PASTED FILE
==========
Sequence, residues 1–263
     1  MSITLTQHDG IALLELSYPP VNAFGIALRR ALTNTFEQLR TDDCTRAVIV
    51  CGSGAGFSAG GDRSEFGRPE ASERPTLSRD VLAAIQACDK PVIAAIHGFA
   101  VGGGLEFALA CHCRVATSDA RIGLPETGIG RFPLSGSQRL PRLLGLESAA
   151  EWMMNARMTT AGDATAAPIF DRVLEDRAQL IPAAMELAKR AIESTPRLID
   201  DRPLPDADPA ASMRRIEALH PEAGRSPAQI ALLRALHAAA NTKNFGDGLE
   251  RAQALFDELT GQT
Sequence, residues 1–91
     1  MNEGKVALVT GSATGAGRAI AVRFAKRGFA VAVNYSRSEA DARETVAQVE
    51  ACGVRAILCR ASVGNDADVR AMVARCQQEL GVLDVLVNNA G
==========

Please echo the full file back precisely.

Sequence, residues 1–263
     1  MSITLTQHDG IALLELSYPP VNAFGIALRR ALTNTFEQLR TDDCTRAVIV
    51  CGSGAGFSAG GDRSEFGRPE ASERPTLSRD VLAAIQACDK PVIAAIHGFA
   101  VGGGLEFALA CHCRVATSDA RIGLPETGIG RFPLSGSQRL PRLLGLESAA
   151  EWMMNARMTT AGDATAAPIF DRVLEDRAQL IPAAMELAKR AIESTPRLID
   201  DRPLPDADPA ASMRRIEALH PEAGRSPAQI ALLRALHAAA NTKNFGDGLE
   251  RAQALFDELT GQT
Sequence, residues 1–91
     1  MNEGKVALVT GSATGAGRAI AVRFAKRGFA VAVNYSRSEA DARETVAQVE
    51  ACGVRAILCR ASVGNDADVR AMVARCQQEL GVLDVLVNNA G